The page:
Global warming has chilling effect on forest budgets

By Troy Hooper
Real AspenMarch 8, 2012

The warming climate is breeding more beetle-ravaged forest and prolonged fire seasons, U.S. Forest Service Chief Tom Tidwell testified before a Senate committee on Tuesday, as he fielded questions about the White House's proposed agency budget for fiscal year 2013.

A forest decimated by mountain pine bark beetles.

"We've been doing research on the effects of a changing climate to the vegetation on our nation's forests for over two decades," he told the Senate Committee on Energy & Natural Resources in Washington, D.C. "When it comes to fire, we're definitely seeing much longer fire seasons in many parts of the country, another 60 or 70 days longer than what we used to experience."

The Forest Service is not only dealing with an uptick in the number of wildfires, wind storms, droughts and other extreme weather as a result of climate change. "We're also seeing much more severe fire behavior than we've ever experienced in the past," Tidwell noted.

The wildfire risk is heightened as beetles make their way through the forests, sucking the life from trees and leaving dead, dried wood in their wake. The expansion of bark beetles "has started to slow a little bit," he said, but "we're still seeing about an additional 600,000 acres infested each year, so we're going to have to continue to maintain this focus for the next few years."

Referencing a new Forest Service report — "Increasing the Pace of Restoration and Job Creation on our National Forests" (pdf) — Sen. Mark Udall, D-Colorado, said that expanding the market for forest products from national forests will require streamlining contracting procedures and federal cooperation with private companies that want to use beetle-kill wood for commercial purposes.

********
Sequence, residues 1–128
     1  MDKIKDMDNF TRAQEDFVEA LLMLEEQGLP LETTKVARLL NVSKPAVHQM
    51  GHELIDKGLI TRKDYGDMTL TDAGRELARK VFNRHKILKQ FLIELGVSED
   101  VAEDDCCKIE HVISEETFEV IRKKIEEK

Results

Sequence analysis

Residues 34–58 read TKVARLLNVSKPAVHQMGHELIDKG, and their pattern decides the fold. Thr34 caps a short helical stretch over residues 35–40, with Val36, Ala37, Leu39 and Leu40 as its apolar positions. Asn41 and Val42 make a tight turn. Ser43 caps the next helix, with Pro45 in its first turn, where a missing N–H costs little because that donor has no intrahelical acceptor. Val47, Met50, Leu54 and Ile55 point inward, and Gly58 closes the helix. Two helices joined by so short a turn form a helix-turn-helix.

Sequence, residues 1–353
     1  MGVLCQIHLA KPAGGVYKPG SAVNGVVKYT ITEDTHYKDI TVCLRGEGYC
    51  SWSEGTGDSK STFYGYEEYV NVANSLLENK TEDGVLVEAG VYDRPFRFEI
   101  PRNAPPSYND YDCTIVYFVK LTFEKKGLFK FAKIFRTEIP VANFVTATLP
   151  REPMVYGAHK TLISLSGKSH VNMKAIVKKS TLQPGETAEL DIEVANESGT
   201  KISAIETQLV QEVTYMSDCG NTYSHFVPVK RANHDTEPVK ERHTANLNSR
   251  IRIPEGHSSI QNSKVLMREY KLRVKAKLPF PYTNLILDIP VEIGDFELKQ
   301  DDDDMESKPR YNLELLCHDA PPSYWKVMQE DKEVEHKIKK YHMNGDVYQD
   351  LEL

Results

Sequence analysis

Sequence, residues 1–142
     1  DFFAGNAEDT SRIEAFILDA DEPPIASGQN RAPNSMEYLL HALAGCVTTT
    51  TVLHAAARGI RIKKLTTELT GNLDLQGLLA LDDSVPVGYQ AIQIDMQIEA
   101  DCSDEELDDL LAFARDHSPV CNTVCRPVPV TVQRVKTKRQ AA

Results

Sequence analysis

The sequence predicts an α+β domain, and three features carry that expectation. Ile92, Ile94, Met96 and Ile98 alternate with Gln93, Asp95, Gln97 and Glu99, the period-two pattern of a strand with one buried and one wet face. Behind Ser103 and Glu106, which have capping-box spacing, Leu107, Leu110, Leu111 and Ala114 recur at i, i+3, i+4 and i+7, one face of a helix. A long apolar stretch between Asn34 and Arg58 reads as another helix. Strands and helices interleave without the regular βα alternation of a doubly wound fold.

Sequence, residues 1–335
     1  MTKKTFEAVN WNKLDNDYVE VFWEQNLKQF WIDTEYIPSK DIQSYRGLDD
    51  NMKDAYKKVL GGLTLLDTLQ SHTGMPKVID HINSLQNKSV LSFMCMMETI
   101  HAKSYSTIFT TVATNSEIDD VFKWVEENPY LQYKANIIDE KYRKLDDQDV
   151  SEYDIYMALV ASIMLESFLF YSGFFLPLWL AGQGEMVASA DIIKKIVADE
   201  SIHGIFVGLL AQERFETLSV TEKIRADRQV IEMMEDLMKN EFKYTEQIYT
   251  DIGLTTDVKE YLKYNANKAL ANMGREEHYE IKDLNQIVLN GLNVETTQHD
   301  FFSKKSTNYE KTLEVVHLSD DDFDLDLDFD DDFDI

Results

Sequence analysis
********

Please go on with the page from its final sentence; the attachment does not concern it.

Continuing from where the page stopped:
U.S. Sen. Mark Udall
Photo by Troy Hooper

"The private sector is key to dealing with this epidemic," Udall said.

The federal government already is collaborating with communities and businesses to create wood and biomass supply for forest products, bioenergy production and home construction.

"We have examples all over the country now where these collaborative efforts are coming together," Tidwell said. "People understand the type of work that needs to be done."

He said the Forest Service is doing more with less by broadening its National Environmental Policy Act requests to include larger landscapes and by emphasizing agency efficiency and flexibility.

The Forest Service budgets about $100 million each year to mitigate bark beetles in Colorado, Wyoming, New Mexico, Utah, Montana, Idaho, Oregon, Washington and South Dakota, he said.

U.S. Sen. Al Franken, D-Minnesota, expressed frustration that politics are polluting scientific discussions. He said it only makes sense for Congress to begin incorporating the effects of climate change into budgetary decisions.

U.S. Sen. Al Franken

"To me it is so obvious the costs of climate change that we are already paying, and these are never factored in when we talk about the costs of things like burning more coal or burning dirtier oil," Franken said. "This debate that has been going on in this country – it saddens me sometimes when what your scientists are telling us is called a hoax. I don't know if it's for political gain or to curry favor with big donors who can fund super PACs or what it is, but there is a climate-change-denial culture among some of my colleagues that I find very disturbing."

President Obama's budget requests $4.86 billion for the Forest Service, an increase of less than one-half of one percent over the 2012 appropriated level. The restoration of lands impacted by beetles, disease, fire, urban sprawl and warming temperatures are heavily emphasized.

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